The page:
Ladakh News

Ladakh in the winter

By Kunzang Dolma Stakmo, Stawa 12-18


Ladakh is famous for its natural beauty, which attracts hundreds and thousands of visitors each summer. However, winter in Ladakh too has a unique charm despite the extreme cold and related challenges. I happened to return home for few days some weeks back. As the aircraft made its way to Leh, I watched the scenery change from the window. The greenery of the plains slowly gave way to the lush hills of the lower Himalayas, which in turn gave way to the snow-capped mountains that seemed to float in the blue sky. These mountains suggested that we were approaching Ladakh. Once we landed at Leh airport, I felt like we had reached heaven. I am not being dramatic or exaggerating my feelings at the airport. As I heard people say "Juley" ask "Khamzang in a ley?" (How are you?), I instantly felt energetic and 'at home'.

In summer, Leh market is full of non-local tourists. In contrast, very few non-locals are visible in the market through the winter. Many restaurants and shops remain closed at this time of the year. People finally find time to rest and take a break from the hassles they face otherwise. During the winter, people stay at home, at their farm, or travel outside Ladakh to relax for a few months. People finally make time to meet others and regain a measure of peace in their lives.

You definitely face some difficulties and challenges in the harsh winter of Ladakh with its bitter cold. Despite this, everything seems rather peaceful and nature too makes an effort to make things seem more beautiful by adding unique colours to the region. I noticed trains of clouds floating across the clear blue sky and the blinding white snow on the top of mountains. The trees are bare after discarding their leaves but some seem to assume a reddish-brown hue while others have a peculiar bluish-white aura. All the fields are brownish-yellow and the water in the ponds turn blue with thin layers of ice on the surface. Some birds like ducks linger for the winter and crisscross the frozen landscape. It is mesmerising to witness and experience all of this.

During my stay in Leh, I was able to attend a `ldun/ ldagang' ceremony held to celebrate the birth of a child. The timing for this ceremony is not restricted to specific time of a child's age. Families generally decide to hold the ceremony when they are financially and emotionally ready or at a time that they deem to be suitable. At the ceremony, all relatives wear traditional attire and dance to traditional music. The whole ceremony was rather soulful and enriching.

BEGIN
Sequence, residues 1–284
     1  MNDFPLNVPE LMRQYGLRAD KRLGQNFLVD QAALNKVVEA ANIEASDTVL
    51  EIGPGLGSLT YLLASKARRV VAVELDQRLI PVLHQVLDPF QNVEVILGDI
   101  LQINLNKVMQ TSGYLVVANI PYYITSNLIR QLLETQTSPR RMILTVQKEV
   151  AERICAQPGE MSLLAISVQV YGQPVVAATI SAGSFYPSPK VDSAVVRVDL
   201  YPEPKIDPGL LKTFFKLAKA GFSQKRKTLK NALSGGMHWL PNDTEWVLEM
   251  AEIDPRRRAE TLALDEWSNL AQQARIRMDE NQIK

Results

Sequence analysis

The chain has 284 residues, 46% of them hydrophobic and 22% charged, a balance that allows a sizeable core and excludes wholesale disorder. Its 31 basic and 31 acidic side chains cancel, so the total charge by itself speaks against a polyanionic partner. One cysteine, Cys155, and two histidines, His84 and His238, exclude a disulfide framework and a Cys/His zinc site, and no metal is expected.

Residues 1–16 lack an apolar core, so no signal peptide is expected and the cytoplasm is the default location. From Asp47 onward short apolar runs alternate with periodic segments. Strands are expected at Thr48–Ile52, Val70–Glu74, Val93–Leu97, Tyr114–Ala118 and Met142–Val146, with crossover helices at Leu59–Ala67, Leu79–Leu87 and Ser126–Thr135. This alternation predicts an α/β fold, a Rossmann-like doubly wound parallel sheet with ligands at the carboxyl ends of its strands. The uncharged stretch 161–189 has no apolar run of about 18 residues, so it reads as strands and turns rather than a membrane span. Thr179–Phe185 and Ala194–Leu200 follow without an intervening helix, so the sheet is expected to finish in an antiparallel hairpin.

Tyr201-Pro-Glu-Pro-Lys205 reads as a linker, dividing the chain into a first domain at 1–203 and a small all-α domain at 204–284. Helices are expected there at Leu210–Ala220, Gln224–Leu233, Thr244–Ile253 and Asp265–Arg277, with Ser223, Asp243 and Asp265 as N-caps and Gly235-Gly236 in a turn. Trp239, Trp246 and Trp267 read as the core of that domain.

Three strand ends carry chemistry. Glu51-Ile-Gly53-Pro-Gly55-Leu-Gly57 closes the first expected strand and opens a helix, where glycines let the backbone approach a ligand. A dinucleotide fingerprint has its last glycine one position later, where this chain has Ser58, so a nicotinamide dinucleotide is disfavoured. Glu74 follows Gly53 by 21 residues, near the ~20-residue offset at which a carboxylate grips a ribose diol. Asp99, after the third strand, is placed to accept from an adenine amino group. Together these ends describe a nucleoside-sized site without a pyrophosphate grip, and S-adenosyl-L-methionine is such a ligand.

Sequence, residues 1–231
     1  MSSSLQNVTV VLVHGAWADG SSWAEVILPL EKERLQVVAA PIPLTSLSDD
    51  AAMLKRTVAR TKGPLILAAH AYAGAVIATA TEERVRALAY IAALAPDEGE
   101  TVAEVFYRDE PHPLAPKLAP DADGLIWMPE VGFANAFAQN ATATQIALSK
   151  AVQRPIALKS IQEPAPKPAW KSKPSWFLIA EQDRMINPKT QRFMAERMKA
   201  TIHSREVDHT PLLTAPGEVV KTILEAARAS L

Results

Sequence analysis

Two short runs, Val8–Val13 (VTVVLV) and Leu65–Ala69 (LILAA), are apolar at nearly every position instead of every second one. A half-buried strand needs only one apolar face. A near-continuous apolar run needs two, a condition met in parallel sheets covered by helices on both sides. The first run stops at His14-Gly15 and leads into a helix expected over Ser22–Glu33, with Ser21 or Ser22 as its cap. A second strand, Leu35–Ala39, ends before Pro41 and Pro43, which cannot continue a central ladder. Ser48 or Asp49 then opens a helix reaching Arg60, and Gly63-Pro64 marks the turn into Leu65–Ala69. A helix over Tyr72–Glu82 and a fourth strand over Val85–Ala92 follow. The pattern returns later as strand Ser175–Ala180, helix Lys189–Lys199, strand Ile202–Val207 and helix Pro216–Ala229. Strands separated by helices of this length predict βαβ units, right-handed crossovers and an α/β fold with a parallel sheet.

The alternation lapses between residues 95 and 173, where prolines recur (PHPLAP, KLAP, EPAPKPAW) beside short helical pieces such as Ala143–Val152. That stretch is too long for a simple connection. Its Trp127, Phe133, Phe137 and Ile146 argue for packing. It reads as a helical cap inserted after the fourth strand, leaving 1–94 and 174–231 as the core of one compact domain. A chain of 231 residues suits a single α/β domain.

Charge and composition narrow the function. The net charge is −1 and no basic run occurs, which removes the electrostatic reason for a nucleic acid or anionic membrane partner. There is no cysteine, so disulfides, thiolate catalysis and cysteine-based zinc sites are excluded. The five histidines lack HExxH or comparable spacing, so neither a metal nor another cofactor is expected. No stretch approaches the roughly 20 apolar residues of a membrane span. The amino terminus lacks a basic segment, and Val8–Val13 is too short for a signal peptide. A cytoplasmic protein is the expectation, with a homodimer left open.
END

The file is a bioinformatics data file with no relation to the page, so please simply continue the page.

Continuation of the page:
Time was short but the whole family still managed to gather together for lunch. We sat outside in the balcony where we were able to bask in the sun. Though the temperature outside was several degrees below freezing, the dry weather meant that warm clothes helped us withstand the biting cold. The sun was shining so beautifully and its warmth was so overwhelming that all of us sat in the sun without worrying about getting a tan. I felt blessed to be able to spend some precious time with my family. As we sat there, we sang Ladakhi folk songs with a never-ending supply of gurgur tea.

Finally, the day of my departure dawned. I had to leave despite being asked to stay back. Many of us spend large amounts of money and long periods outside Ladakh. The hardest part of being away is being removed from our family and home. Outside Ladakh, we live in a different environment with many day-to-day hurdles. In contrast, there are many people who cannot afford to send their children outside to study despite their potential to excel. Often, their dreams remain unfulfilled. Knowing the importance of a good education, I support the demand of a full-fledged university in Ladakh. This should have been done many years back. Now that the university has been granted, I sincerely hope that this spark will grow into a beautiful and bright light in the near future.